Bids: It’s really evolved over the years. We used to do one show per week called the Bucknuts Radio Hour and it was aired on various radio stations in Ohio. Then we went to an internet-only (podcast) format in 2007. We have a lot of fun with it. It’s by no means the most-popular feature on Bucknuts, but it has a niche following and I think it’s one of the things that helps separate us from the other OSU websites. As for my favorite guest, although I am not a big fan of his, we had Kirk Herbstreit come into our “studio” (if you can even call it that) at our Dayton office to record two-hours-worth of radio. He was upset about all the criticism he was receiving from OSU fans, contacted us about it and we said the best thing you could do would be to come on our radio show. We were shocked he did it. This was in the summer of 2010. Little did we know at the time the Tressel era was about to come to an end in the following months.
E.C.: What about some of your favorite Buckeye players over the years to cover; got any? And, what about those more difficult to cover, including coaches (besides Tressel being the obvious)?
Bids: I’m going to leave people out by accident I’m sure, but a few of my favorites that immediately come to mind are: James Laurinaitis, Beanie Wells, Jim Heacock, Darrell Hazell, Malcolm Jenkins, Maurice Clarett (believe it or not), Nick Mangold and Brian Hartline.
Most difficult? Troy Smith was never easy to deal with. He was extremely moody. Although I liked John Peterson as a person, he was by far the most-boring coach to interview on the team. Rarely said a word worth printing.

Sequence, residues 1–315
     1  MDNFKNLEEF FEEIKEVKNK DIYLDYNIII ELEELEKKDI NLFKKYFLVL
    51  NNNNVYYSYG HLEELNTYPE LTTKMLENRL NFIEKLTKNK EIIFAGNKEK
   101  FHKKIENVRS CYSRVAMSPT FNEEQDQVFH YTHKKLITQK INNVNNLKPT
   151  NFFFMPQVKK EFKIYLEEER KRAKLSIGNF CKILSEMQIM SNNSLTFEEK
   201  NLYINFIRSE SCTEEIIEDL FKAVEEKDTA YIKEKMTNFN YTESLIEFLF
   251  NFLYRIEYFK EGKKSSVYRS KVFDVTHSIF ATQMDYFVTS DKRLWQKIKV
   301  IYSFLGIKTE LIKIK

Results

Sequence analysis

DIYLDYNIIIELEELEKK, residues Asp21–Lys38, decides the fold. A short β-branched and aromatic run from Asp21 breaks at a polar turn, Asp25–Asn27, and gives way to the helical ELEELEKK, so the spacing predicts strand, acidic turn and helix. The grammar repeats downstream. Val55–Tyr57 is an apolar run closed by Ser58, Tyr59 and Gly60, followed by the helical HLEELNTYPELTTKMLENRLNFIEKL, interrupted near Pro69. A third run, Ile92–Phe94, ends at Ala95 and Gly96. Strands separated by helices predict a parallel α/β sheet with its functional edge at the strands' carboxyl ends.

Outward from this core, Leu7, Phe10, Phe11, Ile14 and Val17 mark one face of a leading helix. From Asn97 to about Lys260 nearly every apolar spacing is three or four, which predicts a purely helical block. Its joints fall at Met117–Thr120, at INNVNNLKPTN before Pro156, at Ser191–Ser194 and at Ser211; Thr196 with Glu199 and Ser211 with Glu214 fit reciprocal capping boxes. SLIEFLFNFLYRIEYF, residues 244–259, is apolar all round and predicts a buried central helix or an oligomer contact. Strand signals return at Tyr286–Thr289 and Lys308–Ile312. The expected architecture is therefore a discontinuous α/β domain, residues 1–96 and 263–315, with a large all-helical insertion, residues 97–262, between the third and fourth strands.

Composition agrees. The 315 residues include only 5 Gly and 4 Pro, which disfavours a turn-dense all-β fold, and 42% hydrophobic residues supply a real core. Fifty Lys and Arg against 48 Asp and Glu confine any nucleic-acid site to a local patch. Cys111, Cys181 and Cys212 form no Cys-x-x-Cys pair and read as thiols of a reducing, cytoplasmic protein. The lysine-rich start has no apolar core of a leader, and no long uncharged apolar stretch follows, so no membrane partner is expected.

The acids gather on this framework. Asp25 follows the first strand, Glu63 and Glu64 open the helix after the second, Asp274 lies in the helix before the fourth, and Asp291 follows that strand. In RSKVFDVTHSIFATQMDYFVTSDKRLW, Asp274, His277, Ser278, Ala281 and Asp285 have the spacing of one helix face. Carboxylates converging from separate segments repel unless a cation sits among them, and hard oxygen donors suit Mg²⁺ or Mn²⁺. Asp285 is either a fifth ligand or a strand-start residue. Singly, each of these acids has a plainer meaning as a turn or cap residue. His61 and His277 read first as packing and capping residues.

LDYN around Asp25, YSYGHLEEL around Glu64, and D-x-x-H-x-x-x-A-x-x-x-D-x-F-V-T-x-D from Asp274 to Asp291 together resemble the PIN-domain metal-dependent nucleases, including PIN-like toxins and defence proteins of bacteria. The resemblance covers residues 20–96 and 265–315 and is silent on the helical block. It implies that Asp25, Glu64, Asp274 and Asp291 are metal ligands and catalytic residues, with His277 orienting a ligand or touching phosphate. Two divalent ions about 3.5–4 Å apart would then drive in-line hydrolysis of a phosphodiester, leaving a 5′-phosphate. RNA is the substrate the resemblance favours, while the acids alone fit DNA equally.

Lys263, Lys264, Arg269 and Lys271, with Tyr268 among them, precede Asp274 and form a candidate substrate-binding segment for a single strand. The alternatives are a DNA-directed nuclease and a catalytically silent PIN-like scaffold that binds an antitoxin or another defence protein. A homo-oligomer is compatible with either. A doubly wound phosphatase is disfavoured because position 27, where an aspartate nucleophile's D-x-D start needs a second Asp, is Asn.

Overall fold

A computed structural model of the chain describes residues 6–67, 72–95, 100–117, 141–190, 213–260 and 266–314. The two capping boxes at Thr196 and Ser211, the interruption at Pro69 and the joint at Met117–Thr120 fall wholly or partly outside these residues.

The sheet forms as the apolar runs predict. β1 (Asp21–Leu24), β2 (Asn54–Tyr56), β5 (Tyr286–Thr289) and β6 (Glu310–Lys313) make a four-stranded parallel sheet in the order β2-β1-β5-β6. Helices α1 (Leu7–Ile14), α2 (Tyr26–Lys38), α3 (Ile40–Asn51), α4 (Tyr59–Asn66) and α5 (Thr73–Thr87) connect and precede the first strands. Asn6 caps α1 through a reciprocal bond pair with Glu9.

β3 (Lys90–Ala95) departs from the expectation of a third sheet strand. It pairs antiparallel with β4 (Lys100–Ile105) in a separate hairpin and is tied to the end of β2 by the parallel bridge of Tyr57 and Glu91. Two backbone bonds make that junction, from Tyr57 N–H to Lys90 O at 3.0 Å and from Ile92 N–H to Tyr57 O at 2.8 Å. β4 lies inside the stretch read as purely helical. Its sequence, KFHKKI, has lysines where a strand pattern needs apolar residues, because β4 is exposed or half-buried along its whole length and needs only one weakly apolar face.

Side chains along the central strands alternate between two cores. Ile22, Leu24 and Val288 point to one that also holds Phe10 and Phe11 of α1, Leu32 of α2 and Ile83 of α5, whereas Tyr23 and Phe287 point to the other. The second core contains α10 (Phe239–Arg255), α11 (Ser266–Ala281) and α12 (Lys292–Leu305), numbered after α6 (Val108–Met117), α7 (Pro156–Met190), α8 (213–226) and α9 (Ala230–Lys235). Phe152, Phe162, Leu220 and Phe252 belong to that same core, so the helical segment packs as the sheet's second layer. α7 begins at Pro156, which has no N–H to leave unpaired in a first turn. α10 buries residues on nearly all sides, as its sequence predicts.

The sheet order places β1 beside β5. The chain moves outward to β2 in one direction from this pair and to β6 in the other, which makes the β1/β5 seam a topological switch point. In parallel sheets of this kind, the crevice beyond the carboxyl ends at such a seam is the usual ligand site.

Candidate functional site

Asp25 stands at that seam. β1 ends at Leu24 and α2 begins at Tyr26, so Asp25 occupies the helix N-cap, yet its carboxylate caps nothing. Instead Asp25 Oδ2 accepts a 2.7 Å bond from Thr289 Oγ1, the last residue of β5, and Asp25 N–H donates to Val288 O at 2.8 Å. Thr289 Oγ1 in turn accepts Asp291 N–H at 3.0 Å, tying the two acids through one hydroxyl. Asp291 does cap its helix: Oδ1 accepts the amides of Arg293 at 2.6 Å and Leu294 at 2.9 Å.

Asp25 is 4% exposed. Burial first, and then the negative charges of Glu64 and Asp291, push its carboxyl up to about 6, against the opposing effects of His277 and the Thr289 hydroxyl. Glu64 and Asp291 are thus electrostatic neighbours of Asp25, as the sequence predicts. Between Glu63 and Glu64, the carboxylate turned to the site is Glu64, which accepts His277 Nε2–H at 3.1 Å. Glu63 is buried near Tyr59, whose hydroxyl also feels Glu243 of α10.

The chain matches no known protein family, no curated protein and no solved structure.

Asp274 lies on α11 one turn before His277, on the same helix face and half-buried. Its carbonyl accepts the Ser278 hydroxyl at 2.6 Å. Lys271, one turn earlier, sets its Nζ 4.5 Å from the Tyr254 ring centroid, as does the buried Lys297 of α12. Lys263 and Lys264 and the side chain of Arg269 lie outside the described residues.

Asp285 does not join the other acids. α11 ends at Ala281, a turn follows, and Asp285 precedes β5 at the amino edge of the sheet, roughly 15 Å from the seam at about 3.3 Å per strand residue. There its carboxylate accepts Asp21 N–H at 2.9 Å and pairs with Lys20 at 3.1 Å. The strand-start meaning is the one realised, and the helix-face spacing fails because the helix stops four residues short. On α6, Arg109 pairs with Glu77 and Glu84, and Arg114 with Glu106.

E.C.:What were your thoughts on the end of the Tressel era? And what were your initial inklings on the hiring of Urban Meyer? After all, this was the man who put a dagger in the collective hearts of Buckeye fans back in 2007.
Bids: Oh, I loved the Meyer hire. I remember thinking during the height of the Tressel years that the Buckeyes would have a hard time finding a coach even as close to as good as Tress when he decided to retire. Of course, Tress never got to “retire” on his own terms, but the bottom line is that OSU is very fortunate they were able to replace a coach that was headed for legendary status like Tressel with a proven winner like Meyer. Yes, Buckeye fans hated Meyer after that 2006 national championship game (played in early 2007) but he’s a native son who grew up idolizing Woody Hayes. It’s a perfect fit. I was sad to see Tressel go, but it all worked out well for Ohio State in the end.
E.C.: Have you, or will you, see a difference in how the press is treated or given access by Meyer compared to Tressel? We have seen a glimpse of that with All Access on ESPN.